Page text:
A Conundrum of Sorts: Food Allergies and Birthday Parties

I first wrote this post for my other blog, The Rebel Queen. I’ve had to temporarily close down the blog, since I haven’t been able to commit to the time. I don’t know what I was thinking, trying to write for two blogs. Kudos to the people who can commit to this on a regular basis. It’s a lot of work!

There are a couple posts I wrote for The Rebel Queen that I wanted to share with all of you. This is one of them. Thanks for taking the time to read this.
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I sit here, three birthday invitations in hand, wondering what to do. In case you’re curious why, it’s because I have a love/hate relationship with birthday parties. I’m not talking about the parties for my children, which while painful at times to organize, are totally worth it in the end because of the smile on their faces. I’m talking about the birthday parties my food allergic child gets invited to. The ones where she’s the odd girl out, to belong for two hours in a world of normal, as defined by most people.

When my daughter was younger, birthday parties were oh, so easy. All I needed to do, besides bring a nice present for the birthday child, was to bring my child’s cupcake. I made sure it was Ooooh worthy–puffed high with fluffy icing and sparkly sprinkles. And, since parents were allowed at the parties, I could protect my daughter’s cupcake and make sure she had her sweet treat when all the other children received their slices of cake. My daughter didn’t mind not having the birthday cake, because her friends wished for a cupcake like hers. Martha Stewart would be proud.
Now that my child is older, birthday parties are BIG EVENTS–no parents allowed. Movie theaters, pizza places, dance halls, gyms, and beauty spas–places kids think are cool. Coupled with these events, comes food. Always, food. Pizza, a variety of snack foods and take-out food, ice cream extravaganzas and cake. Food items kids love, but ones that present a whole new worry to me and my child.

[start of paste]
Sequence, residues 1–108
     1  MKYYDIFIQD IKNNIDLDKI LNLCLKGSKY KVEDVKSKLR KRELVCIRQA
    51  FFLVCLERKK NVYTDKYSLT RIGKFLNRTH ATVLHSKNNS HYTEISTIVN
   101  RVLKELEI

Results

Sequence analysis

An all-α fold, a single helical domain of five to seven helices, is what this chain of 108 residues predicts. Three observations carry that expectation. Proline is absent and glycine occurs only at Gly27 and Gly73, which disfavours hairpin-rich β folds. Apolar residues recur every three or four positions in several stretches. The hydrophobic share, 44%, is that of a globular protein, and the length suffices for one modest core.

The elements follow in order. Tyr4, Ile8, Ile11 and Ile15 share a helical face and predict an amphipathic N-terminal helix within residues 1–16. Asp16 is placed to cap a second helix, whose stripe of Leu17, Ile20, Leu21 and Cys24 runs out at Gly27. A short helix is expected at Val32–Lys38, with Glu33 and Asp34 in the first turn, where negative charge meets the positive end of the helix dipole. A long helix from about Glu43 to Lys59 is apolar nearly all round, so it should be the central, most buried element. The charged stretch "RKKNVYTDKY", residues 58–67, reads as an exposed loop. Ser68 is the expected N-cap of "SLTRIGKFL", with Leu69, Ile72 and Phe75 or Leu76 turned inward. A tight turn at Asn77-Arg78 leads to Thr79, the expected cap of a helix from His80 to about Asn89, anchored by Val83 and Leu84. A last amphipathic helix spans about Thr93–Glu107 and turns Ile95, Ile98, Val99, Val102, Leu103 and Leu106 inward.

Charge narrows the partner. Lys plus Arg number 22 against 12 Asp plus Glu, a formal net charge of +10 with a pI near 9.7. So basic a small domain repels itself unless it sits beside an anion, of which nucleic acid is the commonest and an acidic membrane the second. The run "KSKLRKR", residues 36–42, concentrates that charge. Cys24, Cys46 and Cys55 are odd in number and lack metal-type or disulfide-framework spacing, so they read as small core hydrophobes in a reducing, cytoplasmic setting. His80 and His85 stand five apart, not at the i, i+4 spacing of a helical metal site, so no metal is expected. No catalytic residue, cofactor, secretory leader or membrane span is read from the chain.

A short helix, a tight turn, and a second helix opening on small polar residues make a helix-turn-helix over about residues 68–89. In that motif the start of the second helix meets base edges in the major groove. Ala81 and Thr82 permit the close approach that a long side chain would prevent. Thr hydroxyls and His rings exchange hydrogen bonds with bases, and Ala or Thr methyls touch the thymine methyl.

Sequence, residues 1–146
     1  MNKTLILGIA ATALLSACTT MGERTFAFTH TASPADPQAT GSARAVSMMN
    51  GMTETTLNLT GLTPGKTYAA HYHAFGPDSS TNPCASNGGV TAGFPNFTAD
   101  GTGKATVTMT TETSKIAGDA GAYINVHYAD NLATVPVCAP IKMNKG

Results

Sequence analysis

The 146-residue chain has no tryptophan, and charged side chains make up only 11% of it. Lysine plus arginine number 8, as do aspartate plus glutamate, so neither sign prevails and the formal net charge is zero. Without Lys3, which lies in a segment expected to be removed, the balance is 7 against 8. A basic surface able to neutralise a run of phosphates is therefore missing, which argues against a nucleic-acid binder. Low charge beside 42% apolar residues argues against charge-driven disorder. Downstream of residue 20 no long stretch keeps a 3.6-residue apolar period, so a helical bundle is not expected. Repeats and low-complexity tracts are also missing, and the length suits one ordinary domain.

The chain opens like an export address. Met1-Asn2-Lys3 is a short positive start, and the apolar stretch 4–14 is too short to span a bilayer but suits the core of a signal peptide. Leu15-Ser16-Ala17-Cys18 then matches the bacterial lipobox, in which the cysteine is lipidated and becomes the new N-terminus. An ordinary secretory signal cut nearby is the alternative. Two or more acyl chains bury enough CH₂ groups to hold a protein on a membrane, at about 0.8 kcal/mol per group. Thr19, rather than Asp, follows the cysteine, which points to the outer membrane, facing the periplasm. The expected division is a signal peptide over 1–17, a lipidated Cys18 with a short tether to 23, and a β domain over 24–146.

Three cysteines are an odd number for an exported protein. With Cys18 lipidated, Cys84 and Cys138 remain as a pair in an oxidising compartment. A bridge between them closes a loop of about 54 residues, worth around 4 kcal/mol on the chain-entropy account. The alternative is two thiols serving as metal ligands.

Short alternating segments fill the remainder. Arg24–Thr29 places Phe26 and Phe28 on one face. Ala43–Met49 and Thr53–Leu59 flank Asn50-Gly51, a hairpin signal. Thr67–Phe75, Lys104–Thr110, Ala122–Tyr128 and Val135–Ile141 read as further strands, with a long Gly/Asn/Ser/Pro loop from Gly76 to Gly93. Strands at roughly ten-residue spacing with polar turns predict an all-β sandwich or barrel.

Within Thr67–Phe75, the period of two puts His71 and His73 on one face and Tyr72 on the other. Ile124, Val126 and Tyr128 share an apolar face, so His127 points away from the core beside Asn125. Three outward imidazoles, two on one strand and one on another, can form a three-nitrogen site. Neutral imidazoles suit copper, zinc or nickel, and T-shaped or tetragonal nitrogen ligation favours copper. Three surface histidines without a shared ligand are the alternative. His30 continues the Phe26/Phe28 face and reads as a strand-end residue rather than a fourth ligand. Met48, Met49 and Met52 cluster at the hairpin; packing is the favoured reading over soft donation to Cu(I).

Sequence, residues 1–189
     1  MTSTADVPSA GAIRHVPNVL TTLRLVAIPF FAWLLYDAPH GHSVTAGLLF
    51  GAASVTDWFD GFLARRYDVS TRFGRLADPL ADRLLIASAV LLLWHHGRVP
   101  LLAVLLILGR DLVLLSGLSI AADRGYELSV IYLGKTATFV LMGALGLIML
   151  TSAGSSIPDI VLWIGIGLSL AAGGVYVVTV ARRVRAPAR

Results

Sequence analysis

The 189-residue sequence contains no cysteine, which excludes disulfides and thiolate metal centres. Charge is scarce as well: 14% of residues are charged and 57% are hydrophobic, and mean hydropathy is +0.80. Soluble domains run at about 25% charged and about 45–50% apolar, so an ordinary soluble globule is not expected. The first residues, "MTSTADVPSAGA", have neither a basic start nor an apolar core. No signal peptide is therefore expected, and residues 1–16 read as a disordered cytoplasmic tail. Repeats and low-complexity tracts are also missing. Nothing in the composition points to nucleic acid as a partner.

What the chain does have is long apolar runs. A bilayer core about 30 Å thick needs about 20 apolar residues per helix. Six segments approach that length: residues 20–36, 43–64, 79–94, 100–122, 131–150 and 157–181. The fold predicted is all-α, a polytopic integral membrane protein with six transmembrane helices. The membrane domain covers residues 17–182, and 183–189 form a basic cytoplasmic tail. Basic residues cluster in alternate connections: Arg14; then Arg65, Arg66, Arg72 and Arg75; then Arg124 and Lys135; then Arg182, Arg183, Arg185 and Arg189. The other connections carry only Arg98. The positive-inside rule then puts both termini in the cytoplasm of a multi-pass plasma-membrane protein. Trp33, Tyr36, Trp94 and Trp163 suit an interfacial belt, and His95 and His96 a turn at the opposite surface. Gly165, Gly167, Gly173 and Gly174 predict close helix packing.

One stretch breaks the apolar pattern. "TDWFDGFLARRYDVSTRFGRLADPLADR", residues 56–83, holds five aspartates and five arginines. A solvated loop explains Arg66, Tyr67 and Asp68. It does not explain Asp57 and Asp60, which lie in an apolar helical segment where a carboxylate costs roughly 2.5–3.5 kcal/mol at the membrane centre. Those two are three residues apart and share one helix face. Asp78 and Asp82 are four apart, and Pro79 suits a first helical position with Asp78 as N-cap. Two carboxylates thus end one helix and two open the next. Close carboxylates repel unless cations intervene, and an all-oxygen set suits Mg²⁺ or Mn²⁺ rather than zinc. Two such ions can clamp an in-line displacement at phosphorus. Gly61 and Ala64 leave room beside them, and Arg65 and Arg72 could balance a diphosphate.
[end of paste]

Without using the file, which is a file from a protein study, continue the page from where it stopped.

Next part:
Not to mention, I have to alert the birthday child’s parents (who I don’t always know) to my child’s allergies and entrust them with my child’s food and cupcake. When the parents want to devote their attention to their own child’s day, I’ve handed them a wrench so they also have to concern themselves with keeping my child safe. And while most parents are gracious and kind to accept this extra responsibility, it isn’t fair to them. They want to celebrate their child, and that is as it should be.  
But, it also isn’t fair to my child. Because, most times, my daughter gets her food and cupcake after the fact. And while I can understand this and appreciate the efforts the parents make for my daughter on their child’s special day, it is difficult for me as a mother to watch my child’s face, her melancholy after she leaves a party, when she holds the package of food she wasn’t able to eat, or opens up the goody bag and has to hand it over because of something she can’t have. For when it really comes to it, as much as I want my child to experience the normalcy of childhood, of life, it eludes her at times, the dividing factor being food.
I resent the power of food, the way it slowly eats away at her confidence and her feeling of belonging. It shouldn’t be this way. But, it is.
When it comes to my other children, it’s a no brainer if they get invited to a birthday party. As long as it works with the schedule, my children can go. And that’s the way it should be; childhood fun should be easy. But, when it comes to my middle child, I sometimes grapple with the decision of whether I should allow my child to go to a party. And I dread that. All because of food.